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Long-term fertilization and tillage regimes have limited effects on structuring bacterial and denitrifier communities in a sandy loam UK soil

Lookup NU author(s): Dr Julia Cooper



This work is licensed under a Creative Commons Attribution 4.0 International License (CC BY 4.0).


© 2021 The Authors. Environmental Microbiology published by Society for Applied Microbiology and John Wiley & Sons Ltd. Denitrification causes loss of available nitrogen from soil systems, thereby reducing crop productivity and increasing reliance on agrochemicals. The dynamics of denitrification and denitrifying communities are thought to be altered by land management practices, which affect the physicochemical properties of the soil. In this study, we look at the effects of long-term tillage and fertilization regimes on arable soils following 16 years of treatment in a factorial field trial. By studying the bacterial community composition based on 16S rRNA amplicons, absolute bacterial abundance and diversity of denitrification functional genes (nirK, nirS and nosZ), under conditions of minimum/conventional tillage and organic/synthetic mineral fertilizer, we tested how specific land management histories affect the diversity and distribution of both bacteria and denitrification genes. Bacterial and denitrifier communities were largely unaffected by land management history and clustered predominantly by spatial location, indicating that the variability in bacterial community composition in these arable soils is governed by innate environmental differences and Euclidean distance rather than agricultural management intervention.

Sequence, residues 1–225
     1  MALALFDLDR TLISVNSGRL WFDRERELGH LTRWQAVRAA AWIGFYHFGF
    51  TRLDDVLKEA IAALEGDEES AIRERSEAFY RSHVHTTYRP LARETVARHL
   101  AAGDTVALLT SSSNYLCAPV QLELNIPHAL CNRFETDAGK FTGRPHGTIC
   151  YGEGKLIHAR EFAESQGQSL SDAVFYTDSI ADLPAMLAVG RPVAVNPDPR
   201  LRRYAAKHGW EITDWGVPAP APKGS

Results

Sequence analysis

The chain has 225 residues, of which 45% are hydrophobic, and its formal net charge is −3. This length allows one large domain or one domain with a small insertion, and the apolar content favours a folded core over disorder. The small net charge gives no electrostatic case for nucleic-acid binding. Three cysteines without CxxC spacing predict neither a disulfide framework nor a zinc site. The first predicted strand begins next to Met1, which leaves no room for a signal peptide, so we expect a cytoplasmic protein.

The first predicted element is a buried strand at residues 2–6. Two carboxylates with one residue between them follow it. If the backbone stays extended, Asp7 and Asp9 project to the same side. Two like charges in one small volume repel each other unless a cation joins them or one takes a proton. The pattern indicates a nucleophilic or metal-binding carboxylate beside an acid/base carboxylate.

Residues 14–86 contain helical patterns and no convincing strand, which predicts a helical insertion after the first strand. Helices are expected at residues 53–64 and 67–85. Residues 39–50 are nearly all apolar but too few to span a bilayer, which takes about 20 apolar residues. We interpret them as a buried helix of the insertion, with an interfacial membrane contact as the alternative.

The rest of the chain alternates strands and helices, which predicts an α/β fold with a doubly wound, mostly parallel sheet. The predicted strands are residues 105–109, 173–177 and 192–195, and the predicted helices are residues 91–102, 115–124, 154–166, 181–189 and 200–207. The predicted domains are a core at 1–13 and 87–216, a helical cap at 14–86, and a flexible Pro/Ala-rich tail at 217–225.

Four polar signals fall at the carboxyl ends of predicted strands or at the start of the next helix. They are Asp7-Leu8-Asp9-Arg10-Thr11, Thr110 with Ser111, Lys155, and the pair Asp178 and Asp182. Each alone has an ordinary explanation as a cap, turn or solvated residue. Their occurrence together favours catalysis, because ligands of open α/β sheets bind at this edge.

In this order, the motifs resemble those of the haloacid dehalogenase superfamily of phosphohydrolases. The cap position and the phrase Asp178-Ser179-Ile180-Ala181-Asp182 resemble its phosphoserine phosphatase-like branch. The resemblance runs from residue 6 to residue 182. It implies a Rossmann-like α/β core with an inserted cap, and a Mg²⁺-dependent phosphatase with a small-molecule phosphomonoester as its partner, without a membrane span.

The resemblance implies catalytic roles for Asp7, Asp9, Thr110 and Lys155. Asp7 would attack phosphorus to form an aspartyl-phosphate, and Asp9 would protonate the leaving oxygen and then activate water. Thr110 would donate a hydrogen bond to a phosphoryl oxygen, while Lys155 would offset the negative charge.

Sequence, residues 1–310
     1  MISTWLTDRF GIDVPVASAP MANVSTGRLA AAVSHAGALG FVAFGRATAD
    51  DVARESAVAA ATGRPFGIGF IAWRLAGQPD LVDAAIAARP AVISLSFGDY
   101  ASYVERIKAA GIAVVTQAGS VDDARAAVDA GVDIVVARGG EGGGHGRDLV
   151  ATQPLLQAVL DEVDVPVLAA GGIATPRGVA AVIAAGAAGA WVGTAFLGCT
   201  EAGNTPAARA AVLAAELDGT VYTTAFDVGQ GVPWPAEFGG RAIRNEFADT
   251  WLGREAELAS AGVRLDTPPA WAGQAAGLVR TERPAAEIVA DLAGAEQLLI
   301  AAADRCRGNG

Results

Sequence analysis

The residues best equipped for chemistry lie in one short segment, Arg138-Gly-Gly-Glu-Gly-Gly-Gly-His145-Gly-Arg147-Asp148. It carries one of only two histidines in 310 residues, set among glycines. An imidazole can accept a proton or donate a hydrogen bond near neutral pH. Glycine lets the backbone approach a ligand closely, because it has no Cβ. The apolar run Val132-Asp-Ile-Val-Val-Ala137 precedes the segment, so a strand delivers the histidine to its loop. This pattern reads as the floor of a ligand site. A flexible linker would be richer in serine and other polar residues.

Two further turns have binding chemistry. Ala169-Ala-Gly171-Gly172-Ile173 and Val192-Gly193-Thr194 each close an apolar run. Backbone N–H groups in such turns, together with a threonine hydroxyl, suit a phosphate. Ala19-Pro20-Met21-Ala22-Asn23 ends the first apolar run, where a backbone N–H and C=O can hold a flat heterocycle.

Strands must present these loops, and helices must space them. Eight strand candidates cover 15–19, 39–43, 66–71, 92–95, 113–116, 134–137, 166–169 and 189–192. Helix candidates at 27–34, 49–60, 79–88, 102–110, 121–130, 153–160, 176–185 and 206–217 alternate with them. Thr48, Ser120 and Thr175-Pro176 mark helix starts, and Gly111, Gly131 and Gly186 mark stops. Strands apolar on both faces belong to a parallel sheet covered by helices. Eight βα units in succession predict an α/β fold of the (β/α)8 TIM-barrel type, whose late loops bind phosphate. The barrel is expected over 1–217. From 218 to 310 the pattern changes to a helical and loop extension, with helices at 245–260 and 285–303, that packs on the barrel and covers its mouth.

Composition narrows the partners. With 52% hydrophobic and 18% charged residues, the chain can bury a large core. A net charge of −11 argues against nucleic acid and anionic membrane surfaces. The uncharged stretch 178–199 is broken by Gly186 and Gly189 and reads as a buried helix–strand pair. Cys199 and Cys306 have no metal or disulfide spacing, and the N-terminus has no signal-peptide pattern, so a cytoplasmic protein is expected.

Publication metadata

Author(s): Moulton-Brown CE, Feng T, Kumar SS, Xu L, Dytham C, Helgason T, Cooper JM, Moir JWB

Publication type: Article

Publication status: Published

Journal: Environmental Microbiology

Year: 2022

Volume: 24

Issue: 1

Pages: 298-308

Print publication date: 01/01/2022

Online publication date: 16/12/2021

Acceptance date: 08/12/2021

Date deposited: 12/01/2022

ISSN (print): 1462-2912

ISSN (electronic): 1462-2920

Publisher: John Wiley and Sons Ltd.


DOI: 10.1111/1462-2920.15873


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